In this approach, instead of direct cash transfer, the government opted for free supply of rations to the needy and generous support of working capital to ensure that the businesses stay afloat. There were also moratoriums on loan repayments for most part of the year 2020. The logic of the economic think tank that included the likes of Dr. Bibek Debroy (Chairman – PM’s Economic Council) , Sanjeev Sanyal (Principal Economic advisor in the Finance Ministry) and Dr Krishnamurthy Subramanian (Chief Economic Advisor) was to take one step at a time when how the virus situation will pan out was uncertain, uncertainty being the key word. The time period for which any support was to be provided was not clear. Also another important thing, during the pandemic induced lockdowns, the issue was in the supply side largely. People stopped going to salons during the pandemic not because they didn’t have money. The same logic can be extrapolated to other service sectors as well. So, the idea was to keep the powder dry for eventualities in the future. As per IMF’s Dr. Gita Gopinath, large economies including the US have no more leg room left to keep supporting the economy and hence are facing an imminent challenge if the virus continues to hold sway. I must say therefore that the Indian think tank certainly stand vindicated on this account when we had to contend with the second wave and now the third wave.

My point therefore is, are long term planning or Annual plans relevant anymore? Things on the ground change so dramatically and drastically these days that any assumption for the better or worse of the future happenings is proved wrong very quickly. Since in India we understand similes from Bollywood easily, let me give an example. RRR is the next film after Bahubali from the ace director Rajamouli. This is also a magnum opus that has been made in multiple languages. Obviously due to the huge budget involved, it had to opt for a theatrical release and was planned for a release in January. The entire team was seen doing mega roadshows in different cities as part of the promotion for whole of December. But then, I see today that they have taken a call to postpose the release due to the like increase of restrictions in many cities due to the Covid surge of late! So it is a matter of few weeks for things to change for the fate of a film that was on the works for five years!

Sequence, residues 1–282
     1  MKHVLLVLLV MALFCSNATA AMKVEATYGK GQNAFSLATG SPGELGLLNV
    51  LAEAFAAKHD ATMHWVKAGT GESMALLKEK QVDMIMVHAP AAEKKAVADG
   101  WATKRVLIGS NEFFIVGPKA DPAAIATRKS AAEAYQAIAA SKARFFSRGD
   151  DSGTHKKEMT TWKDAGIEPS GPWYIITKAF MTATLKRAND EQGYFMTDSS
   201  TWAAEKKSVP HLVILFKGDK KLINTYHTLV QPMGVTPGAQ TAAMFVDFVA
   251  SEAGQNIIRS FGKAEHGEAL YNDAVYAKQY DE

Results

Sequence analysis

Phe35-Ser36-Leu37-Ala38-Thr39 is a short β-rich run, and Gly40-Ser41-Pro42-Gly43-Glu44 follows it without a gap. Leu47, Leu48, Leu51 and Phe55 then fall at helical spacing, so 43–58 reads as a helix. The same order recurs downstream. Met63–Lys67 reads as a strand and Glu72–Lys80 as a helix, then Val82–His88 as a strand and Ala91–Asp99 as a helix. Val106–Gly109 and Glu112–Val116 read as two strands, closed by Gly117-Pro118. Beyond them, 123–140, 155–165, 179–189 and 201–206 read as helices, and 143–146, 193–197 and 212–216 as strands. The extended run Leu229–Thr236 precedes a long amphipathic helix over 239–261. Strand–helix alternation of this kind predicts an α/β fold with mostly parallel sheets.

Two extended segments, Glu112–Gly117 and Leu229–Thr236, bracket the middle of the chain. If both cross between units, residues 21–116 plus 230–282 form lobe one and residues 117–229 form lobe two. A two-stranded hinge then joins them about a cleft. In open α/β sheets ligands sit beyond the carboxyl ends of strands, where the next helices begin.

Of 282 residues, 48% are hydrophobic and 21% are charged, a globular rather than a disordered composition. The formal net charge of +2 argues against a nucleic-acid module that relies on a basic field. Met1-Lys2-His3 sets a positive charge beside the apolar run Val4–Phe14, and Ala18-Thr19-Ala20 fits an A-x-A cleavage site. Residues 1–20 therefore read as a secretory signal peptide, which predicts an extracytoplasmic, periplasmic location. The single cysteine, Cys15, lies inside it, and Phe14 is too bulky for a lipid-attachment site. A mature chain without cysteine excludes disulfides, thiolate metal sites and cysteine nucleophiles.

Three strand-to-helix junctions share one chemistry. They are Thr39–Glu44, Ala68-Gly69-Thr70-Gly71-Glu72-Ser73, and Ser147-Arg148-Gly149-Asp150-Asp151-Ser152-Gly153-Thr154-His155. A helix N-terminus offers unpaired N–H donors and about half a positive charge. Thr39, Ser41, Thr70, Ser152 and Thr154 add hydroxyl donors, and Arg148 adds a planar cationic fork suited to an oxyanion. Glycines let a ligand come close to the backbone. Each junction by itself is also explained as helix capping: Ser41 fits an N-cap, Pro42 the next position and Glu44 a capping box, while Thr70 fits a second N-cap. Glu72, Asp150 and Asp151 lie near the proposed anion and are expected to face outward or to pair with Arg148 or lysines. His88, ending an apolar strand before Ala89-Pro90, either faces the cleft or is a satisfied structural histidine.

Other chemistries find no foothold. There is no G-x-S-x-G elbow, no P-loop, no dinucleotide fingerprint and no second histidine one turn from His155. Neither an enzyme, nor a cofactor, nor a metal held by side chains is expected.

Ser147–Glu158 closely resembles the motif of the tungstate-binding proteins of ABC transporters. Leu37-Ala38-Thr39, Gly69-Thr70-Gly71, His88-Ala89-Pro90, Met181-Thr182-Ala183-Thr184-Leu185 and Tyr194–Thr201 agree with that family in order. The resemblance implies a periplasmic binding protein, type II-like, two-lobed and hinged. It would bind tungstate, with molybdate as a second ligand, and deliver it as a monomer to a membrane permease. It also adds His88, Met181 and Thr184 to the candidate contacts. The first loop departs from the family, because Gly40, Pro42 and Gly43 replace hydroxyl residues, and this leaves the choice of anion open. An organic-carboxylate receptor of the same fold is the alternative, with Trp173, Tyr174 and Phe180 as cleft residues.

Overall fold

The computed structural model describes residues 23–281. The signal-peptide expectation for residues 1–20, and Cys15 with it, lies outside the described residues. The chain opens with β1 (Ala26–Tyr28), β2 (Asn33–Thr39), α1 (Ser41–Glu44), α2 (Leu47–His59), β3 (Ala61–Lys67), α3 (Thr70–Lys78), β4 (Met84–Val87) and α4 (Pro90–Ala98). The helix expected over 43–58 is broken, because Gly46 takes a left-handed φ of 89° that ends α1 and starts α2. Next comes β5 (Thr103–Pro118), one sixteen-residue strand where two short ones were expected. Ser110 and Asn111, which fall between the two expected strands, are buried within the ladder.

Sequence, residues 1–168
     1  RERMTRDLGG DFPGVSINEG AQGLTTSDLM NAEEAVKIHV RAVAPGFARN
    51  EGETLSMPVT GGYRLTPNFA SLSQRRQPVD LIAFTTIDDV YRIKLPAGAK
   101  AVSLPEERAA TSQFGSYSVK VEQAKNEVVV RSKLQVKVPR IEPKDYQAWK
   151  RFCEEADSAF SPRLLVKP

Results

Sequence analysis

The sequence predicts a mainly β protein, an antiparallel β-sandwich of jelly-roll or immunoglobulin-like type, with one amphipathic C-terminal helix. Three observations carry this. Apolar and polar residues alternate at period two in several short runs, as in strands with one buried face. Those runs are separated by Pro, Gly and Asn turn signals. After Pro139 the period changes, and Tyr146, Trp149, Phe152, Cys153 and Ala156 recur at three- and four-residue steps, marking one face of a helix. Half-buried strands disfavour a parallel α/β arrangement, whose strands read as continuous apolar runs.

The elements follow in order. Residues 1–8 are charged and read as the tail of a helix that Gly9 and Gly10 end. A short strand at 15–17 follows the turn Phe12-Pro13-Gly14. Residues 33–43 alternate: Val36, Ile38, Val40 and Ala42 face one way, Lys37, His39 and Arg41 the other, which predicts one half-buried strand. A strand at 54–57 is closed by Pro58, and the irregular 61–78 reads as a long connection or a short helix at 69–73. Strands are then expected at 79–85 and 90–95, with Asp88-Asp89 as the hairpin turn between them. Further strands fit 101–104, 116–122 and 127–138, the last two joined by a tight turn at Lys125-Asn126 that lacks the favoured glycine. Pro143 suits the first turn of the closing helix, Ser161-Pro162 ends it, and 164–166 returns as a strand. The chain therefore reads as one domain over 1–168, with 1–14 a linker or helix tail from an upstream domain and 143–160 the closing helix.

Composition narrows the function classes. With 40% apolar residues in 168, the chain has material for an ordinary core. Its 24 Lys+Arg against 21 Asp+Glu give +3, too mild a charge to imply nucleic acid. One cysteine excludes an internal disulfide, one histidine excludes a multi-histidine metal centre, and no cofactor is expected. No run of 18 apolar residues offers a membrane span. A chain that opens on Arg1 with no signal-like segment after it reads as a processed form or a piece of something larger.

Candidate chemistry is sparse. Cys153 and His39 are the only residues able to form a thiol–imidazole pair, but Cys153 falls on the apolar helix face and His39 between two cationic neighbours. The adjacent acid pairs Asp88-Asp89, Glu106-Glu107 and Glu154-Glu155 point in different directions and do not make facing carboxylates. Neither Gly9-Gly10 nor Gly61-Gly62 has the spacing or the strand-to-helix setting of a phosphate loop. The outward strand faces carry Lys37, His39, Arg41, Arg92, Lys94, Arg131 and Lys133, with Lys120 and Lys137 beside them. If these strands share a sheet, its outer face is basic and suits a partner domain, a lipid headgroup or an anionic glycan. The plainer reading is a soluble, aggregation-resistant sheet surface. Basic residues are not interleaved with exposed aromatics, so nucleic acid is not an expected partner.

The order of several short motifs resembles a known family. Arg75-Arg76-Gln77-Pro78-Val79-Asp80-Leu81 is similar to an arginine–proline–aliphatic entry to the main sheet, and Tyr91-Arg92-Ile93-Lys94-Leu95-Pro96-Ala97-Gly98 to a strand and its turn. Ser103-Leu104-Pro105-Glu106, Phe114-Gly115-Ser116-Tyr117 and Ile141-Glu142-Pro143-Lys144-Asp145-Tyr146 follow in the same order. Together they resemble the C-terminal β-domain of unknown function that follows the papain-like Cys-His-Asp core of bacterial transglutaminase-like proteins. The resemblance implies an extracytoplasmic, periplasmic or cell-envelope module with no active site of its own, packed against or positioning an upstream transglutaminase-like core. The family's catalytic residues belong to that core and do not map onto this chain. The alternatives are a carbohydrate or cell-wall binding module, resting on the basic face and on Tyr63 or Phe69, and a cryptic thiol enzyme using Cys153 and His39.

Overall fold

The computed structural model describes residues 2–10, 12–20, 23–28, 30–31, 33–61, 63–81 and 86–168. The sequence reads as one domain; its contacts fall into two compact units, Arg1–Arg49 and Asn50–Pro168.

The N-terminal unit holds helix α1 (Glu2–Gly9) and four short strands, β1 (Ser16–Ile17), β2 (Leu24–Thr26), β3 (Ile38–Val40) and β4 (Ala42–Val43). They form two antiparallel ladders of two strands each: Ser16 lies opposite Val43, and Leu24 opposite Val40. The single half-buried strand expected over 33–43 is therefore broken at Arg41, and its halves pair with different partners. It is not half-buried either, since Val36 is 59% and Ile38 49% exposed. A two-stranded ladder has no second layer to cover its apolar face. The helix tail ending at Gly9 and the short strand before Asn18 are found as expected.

Even in the context of business in the pre-Covid times, I have not been a big fan of rigorous annual planning as, over a period of time, I have seen that assumptions and market conditions change drastically leaving the annual plans as an academic exercise. Now in the post Covid New normal, I feel that time has come to focus on QSQT (Quarter Se Quarter Tak).  While an overall Annual plan can be made for directional purposes, the drilling down of everything to quarters and months and weeks is a wasteful exercise in my opinion. In the sense does it make sense to assume that Omicron is not going to impact the economy so much and plan expenses accordingly for the coming fiscal year? Or we in any position to comment the recurrence of any new waves in the future? Instead in the current situation, whether it is the country or corporation or housing society or our own house hold we may be better off to keep the horizon of three months and take it from one quarter to another. On that note, wishing you all a Happy and contented New Year or should I say Happy New Quarter (HNQ)?

Image courtesy: Kat Millar.com

Debate around the Growth of the Indian Economy!

Few weeks ago, the GDP numbers for the 1st quarter of this fiscal year for India were published. As per that, the Indian economy grew by 20.1%. In the following days, there were columns, Op-Eds and Social media commentary on whether it was a good quarter or not. Since “Neutral media” is an Oxymoron, depending upon the leanings of the media, the economic performance was either branded “historic” or “pathetic”. There are no surprises here and we have now learnt to live with the media spin on all issues.

Along with the media, the tribe of “Neutral Economists” is also on the wane.  Depending upon their political affiliation, the first quarter performance was touted to be “record breaking/highest ever” or “worst/shocking” in decades by reputed economists.  Therefore for an Aam Admi, it is difficult to judge what actually the situation is. And the truth as in many situations may be somewhere in between.